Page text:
(Well, a good Brie is certainly not solid. But I never really thought it of as a paste. But if the French tell me cheese is a paste, then it is a paste. They know cheese.)
Will the new Microsoft Zune kill the iPod? Doubtful, if you believe CNN.
Another thing that makes me wonder... Microsoft is saying that Vista will create 50,000 new jobs in Europe! I still haven't figured out exactly how - unless it's so complicated that all helpdesks will need to triple in size - but if it's true, EU should be paying money to MS so that they could launch a new vesion of Windows every month. Then we could get rid of unemployment in a jiffy!
Ever stop to wonder - he said, without even an inkling of a link - why all airports happily charge you extraordinate amounts for internet connectivity, yet none of them seem to have power sockets available for laptops?
I'm not in a good mood. I lost my GPS, either in Paris CDG or in the plane to Bilbao. I also forgot to bring my NFC phone as show-n-tell, missed dinner, and did not bring swimming trunks after being reminded twice about how great a spa this hotel has.
There is also a storm outside and the whole hotel is creaking and wailing. Which is sort of cool, in a cheap horror movie kind of way. Which reminds me that the new Dr Who is kicking ass. After the last couple of episodes (you know, the ones with the gasmasks) it ranks to top three of my personal British Horror Things List - with Sapphire and Steel and Edge of Darkness filling the other slots.
...when your browser no longer remembers your blog URL automatically.
...when people start calling you to check if you're dead.
...when most of the people who visit are random googlers.
...when you realize you don't even know who has been on your blog lately.
...when you realize you have forgotten the password to your blog
...when people start referring to you as an ex-blogger or say "I used to read your blog"
...when you no longer have a bad conscience over not blogging
...when the only time you find time to blog is when you are bored out of your skull waiting for a flight on an airport (yes, I'm in Helsinki-Vantaa right now, traveling to Paris and Bilbao to give a public presentation about NFC. Worried.)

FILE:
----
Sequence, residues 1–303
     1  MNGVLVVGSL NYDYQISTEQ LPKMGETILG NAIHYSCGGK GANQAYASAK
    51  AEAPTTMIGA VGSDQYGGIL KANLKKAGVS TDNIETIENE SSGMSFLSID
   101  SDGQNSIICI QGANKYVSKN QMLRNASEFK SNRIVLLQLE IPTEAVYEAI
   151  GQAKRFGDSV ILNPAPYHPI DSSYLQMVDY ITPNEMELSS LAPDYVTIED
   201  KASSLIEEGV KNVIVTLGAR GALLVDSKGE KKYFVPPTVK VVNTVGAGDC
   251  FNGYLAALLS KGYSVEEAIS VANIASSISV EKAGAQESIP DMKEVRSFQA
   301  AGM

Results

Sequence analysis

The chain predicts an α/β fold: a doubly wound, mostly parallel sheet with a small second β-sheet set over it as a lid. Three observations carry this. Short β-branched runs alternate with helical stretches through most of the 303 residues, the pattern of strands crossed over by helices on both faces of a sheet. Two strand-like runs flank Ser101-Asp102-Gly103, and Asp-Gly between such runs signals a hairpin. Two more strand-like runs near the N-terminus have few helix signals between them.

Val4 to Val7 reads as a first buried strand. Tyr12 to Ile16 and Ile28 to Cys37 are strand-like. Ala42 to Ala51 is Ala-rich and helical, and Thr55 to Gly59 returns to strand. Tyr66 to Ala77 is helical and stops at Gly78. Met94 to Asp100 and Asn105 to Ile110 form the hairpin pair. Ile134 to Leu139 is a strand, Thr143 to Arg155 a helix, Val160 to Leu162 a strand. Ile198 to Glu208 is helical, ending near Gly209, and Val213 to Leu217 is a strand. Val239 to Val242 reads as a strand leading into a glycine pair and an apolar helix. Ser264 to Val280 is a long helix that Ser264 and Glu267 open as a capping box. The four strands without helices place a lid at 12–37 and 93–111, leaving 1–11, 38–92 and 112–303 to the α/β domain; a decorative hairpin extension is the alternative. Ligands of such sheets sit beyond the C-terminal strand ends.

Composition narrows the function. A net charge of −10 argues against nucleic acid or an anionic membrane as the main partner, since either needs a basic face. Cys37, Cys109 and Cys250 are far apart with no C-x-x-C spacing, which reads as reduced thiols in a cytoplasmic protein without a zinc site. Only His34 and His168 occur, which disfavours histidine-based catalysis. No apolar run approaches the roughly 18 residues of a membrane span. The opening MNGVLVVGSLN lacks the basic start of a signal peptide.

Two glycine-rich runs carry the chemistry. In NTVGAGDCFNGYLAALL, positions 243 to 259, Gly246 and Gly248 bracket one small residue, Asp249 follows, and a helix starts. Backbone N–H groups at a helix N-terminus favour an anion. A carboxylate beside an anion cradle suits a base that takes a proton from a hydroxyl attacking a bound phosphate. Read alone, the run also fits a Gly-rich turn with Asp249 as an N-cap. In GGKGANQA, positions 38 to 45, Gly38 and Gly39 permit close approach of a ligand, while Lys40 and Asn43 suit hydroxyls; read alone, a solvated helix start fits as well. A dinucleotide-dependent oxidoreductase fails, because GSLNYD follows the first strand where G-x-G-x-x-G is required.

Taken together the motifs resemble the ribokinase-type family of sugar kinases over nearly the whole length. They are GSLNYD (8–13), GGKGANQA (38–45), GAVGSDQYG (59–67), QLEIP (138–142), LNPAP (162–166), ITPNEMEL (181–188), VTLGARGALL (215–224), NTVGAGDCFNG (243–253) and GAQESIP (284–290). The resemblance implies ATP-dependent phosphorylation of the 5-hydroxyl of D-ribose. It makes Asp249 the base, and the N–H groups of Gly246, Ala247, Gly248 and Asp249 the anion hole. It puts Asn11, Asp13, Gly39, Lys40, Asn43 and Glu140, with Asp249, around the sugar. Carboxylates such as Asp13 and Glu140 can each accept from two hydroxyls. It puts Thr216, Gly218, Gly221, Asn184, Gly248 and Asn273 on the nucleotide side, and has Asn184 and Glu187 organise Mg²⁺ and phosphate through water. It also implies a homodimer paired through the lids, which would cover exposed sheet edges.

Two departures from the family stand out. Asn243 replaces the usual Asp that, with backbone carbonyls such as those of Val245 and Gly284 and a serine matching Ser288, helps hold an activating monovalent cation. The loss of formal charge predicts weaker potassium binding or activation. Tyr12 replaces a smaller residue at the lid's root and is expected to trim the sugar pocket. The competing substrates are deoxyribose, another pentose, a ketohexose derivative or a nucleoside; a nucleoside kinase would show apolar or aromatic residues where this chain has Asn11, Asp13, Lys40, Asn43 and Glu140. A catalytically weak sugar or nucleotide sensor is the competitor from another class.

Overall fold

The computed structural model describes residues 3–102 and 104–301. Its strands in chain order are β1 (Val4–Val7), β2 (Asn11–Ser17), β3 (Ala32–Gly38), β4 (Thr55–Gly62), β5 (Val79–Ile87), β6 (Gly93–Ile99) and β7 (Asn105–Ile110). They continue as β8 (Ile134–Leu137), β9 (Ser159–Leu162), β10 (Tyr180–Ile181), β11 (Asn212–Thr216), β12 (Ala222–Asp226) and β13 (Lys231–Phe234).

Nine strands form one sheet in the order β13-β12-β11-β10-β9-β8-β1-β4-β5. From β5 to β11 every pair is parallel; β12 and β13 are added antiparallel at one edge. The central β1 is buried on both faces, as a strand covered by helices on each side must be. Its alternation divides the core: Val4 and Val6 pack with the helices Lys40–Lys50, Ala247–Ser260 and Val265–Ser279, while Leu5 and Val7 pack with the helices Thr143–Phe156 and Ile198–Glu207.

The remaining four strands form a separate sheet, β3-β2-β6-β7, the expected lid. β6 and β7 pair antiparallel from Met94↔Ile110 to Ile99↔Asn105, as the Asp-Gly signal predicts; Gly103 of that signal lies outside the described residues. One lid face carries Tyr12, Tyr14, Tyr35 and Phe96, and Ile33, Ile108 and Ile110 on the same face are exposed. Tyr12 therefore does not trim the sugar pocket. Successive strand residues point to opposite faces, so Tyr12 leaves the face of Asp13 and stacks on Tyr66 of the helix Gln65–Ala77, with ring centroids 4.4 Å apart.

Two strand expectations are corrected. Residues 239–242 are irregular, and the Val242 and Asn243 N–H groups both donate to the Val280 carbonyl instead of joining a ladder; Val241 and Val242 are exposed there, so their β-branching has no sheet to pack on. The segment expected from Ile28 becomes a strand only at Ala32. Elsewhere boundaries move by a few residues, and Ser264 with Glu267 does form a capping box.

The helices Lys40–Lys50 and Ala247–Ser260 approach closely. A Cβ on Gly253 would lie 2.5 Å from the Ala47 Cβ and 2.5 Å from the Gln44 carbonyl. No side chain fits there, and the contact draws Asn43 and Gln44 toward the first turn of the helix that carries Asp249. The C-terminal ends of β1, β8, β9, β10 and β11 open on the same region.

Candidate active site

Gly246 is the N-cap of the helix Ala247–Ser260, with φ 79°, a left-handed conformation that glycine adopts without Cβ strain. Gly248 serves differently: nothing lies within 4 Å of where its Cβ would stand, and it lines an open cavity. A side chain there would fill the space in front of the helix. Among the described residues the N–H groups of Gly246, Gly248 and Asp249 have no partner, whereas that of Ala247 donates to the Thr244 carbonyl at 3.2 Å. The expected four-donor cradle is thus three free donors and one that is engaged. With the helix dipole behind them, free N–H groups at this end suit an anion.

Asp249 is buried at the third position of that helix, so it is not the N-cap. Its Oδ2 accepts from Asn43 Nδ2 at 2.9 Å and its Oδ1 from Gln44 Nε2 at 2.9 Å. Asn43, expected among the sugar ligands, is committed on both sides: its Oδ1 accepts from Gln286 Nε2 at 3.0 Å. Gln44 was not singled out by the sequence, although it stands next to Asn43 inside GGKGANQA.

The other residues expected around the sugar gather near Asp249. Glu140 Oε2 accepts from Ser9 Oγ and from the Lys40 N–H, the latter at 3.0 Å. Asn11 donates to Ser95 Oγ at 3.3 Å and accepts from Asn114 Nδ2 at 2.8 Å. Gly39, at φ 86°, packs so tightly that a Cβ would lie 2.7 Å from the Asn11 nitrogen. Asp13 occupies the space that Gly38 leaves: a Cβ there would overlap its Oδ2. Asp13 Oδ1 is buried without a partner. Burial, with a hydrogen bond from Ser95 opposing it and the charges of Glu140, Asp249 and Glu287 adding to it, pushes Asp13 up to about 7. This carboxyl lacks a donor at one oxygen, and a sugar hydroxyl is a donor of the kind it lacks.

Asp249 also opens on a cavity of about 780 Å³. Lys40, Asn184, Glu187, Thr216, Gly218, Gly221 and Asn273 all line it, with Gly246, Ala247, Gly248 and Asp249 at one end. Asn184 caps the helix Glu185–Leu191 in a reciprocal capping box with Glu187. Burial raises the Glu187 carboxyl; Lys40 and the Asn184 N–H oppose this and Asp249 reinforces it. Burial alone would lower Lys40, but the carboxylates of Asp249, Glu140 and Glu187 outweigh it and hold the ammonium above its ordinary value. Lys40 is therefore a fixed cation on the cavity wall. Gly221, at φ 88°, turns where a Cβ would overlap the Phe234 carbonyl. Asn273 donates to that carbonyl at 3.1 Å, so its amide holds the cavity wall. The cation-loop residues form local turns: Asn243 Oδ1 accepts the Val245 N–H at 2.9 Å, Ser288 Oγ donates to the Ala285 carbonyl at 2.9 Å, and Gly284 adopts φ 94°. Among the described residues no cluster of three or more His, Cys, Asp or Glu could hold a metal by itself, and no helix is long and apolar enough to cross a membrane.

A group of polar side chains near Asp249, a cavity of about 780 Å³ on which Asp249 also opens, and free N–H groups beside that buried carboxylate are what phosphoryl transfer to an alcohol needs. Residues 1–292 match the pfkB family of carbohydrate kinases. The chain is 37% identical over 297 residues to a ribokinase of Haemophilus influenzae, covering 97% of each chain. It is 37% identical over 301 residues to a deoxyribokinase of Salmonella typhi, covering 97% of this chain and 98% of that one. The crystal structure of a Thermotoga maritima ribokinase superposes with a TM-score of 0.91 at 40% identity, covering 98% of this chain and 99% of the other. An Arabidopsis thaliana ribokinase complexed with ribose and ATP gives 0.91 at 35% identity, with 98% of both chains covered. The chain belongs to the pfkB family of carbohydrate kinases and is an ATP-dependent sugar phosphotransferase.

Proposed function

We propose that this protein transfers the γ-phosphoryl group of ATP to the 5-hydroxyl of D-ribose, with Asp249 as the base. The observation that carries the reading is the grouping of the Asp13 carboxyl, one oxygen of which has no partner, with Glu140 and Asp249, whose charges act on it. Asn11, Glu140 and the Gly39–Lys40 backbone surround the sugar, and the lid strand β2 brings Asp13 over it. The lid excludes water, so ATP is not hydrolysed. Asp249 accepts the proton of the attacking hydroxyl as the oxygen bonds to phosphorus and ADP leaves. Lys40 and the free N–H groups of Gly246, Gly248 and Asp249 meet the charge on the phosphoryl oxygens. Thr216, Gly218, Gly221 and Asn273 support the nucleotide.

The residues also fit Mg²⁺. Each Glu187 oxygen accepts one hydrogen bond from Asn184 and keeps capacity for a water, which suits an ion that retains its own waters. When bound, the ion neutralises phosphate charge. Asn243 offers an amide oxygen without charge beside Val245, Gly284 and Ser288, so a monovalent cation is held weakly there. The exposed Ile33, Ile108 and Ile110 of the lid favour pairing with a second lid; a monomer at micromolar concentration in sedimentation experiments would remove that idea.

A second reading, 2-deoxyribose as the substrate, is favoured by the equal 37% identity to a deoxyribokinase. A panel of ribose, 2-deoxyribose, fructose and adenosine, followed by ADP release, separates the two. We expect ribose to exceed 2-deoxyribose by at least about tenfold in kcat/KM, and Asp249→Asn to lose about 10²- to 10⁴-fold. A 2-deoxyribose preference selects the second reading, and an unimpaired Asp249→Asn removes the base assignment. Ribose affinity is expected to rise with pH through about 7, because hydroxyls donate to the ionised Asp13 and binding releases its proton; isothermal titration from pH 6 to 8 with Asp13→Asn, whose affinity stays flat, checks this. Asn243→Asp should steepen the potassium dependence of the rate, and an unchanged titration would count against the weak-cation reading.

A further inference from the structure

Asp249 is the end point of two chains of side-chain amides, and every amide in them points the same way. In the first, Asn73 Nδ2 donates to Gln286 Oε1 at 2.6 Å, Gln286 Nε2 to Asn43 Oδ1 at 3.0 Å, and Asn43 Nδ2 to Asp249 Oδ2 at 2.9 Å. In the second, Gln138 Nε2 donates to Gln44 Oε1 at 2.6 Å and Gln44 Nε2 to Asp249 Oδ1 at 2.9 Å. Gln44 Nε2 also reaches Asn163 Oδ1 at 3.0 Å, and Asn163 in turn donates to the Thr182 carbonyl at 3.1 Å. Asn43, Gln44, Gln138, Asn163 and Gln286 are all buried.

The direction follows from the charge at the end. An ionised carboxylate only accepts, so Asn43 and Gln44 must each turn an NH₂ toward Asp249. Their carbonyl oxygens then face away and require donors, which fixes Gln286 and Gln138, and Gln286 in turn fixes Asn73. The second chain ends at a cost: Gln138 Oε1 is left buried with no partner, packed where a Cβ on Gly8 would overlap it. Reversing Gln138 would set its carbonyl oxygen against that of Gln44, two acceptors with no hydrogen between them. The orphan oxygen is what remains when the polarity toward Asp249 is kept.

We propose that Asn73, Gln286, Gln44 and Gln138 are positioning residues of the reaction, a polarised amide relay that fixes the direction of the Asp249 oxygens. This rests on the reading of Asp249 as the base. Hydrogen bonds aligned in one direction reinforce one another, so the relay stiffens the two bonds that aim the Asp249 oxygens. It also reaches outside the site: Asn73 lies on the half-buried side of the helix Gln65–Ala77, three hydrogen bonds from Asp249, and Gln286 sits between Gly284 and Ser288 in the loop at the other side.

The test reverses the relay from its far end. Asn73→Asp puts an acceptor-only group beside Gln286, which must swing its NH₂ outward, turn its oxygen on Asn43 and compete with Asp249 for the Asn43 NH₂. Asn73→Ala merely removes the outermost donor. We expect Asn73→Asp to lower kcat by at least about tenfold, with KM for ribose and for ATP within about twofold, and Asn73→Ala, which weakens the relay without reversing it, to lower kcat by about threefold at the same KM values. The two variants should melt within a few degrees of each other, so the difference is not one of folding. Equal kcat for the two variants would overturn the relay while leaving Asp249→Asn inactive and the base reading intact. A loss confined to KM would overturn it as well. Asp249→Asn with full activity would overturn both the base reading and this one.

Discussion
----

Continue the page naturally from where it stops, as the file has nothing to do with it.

...when your dog's blog has more readers than yours
...when you hear yourself referring to blogging as "a fad"
Let's hear some more in the comments (must stop, flight leaving.)
How to do use a human as a skating board? With stop-motion animation, of course!
(Thanks to Kevin Marks on #joiito.)
Well, not quite, but the new edition of "Wikis und Blogs" by Christoph Lange does have a chapter about JSPWiki, and judging by the index there's quite a lot of stuff in it! Installation, configuration and use, all are covered. I have not seen the book, so I can't tell whether it is any good, but maybe someone can?
(Thanks to Chuck for the tip!)
I'm sorry, but I gotta laugh. These smart fellows have created a competition to put web apps to mobile phones, and made the entire site out of a single image - including text and all! Wanna see how it looks on my phone? Yup, it's crap.
How could these people possibly be qualified to judge any mobile applications, when they think that making a web site out of a single large graphic is a good idea? You can't search it, you can't copy-n-paste cut-n-paste things from it, you can't resize it, you can't read it if you happen to be blind... To top it all off, the site would actually very easy to do even with regular HTML layout.
I'm sorry. This is just... so dumb, you know? The idea is great, but the awards are a bit crummy, and execution is not exactly instilling confidence, is it?. But then again, entering requires only an idea, so it might be worth your time to try it out.
(Yes, it's a Nokia-sponsored thing. Come on guys, you know better than that!)